I appreciate, to name but a few examples, the qualities of Toulouse – Lautrec’s color and composition, the silk screen figure studies by Warhol, and the sexy Saytr in the studio etchings by Picasso. If a viewer / reader of my work also appreciates what these artists’ experiments produced and taught – the Skype pictures may well be seen as their often sexy progeny. In fact, I know that is the case because they’ve told me so.
This morning, as I’ve been writing this blog, a friend who has had a distinguished art world career as a museum director and art foundation director, wrote: . . . “I’m stunned by how different your work has become! Congratulations. You evolve. I recall leaving the Barnett Newman retrospective at the Philadelphia Museum of Art a few years ago. It may have been one of the sadder moments of my museum-going life. Once Newman discovered his “zip” he stayed with it for the rest of his career. Zip after zip after zip. To see the vitality in your work, the energetic pushing forward and moving on in different ways is exhilarating.”
We can argue about who is right or wrong in their opinions or who has the better credentials to express them. But I prefer the discussion to be about how much more we see when the dialog is open and informed. Felixpath has paid many compliments to my work in general and I appreciate that he took the care to analyze my new book. I expect others may well have been puzzled, as he was, by this new body of work. But new directions must provoke questions – excite controversy and criticism – or they fail as art.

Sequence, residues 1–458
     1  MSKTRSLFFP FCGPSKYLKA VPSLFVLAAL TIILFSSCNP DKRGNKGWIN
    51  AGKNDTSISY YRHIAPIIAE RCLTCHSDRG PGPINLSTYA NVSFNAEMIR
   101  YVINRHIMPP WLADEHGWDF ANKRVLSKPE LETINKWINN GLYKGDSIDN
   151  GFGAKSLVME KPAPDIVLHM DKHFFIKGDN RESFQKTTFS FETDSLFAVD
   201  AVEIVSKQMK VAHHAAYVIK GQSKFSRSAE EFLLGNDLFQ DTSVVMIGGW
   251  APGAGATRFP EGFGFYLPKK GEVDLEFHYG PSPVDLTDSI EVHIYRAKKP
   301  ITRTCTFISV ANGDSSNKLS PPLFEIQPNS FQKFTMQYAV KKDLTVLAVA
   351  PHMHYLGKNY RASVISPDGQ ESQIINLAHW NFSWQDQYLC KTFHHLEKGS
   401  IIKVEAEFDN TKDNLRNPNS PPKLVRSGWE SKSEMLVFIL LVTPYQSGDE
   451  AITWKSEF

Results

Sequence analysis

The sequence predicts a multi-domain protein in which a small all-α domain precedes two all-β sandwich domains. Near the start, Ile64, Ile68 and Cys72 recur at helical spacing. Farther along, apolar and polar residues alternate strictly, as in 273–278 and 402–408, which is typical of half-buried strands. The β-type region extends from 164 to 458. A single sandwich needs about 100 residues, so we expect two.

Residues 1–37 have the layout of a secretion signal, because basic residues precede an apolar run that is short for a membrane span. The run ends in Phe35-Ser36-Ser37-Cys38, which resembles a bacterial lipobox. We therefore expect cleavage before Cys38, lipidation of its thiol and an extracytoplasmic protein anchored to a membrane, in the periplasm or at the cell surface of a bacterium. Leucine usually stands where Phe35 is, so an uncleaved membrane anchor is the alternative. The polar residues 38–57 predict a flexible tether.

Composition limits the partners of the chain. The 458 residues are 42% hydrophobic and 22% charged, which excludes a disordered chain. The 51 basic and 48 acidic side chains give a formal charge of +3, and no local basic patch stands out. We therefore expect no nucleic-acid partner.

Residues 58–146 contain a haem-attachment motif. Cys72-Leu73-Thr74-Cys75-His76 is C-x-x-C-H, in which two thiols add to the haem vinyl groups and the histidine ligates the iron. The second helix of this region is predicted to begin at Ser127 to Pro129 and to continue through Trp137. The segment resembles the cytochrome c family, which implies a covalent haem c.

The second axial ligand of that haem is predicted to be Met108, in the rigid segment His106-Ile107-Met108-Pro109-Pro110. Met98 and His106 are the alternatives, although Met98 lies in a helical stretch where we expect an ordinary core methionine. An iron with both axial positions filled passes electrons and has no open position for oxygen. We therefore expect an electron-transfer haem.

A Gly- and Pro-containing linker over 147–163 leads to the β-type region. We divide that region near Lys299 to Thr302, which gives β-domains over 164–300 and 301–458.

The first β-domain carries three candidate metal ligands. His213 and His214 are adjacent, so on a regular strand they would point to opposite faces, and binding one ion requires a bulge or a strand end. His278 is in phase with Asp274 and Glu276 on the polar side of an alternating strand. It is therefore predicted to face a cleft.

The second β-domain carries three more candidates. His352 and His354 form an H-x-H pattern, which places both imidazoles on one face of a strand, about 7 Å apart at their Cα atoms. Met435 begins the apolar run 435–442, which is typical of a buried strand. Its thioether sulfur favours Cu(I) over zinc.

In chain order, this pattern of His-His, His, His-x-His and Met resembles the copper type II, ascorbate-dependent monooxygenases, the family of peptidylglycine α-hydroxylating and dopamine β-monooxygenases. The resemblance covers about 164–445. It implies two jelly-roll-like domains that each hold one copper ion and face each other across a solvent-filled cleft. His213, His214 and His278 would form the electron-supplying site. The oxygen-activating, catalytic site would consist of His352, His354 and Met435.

It may be that other artists see my innovation and build on it. My intention is to build on it myself and present it in new ways – life sized – with video – in light boxes that project the luminosity of a computer screen. No eight inch photo in a book can project the quality of a work when writ large in person. When I first saw David Hockney’s iPad drawings printed the size of the tablet – I thought – “how sweet.” When I saw them projected eight foot tall in all black space – I thought – “ OMG – how wonderful is this.”
These Amazon reviews raise a number of additional issues I hoped would be raised by FINE ART SEX. That was my intention. I will address more of Felixpath’s issues in future blogs. I love the discussion. I’m grateful to those who prompt it.
Other posts in this series: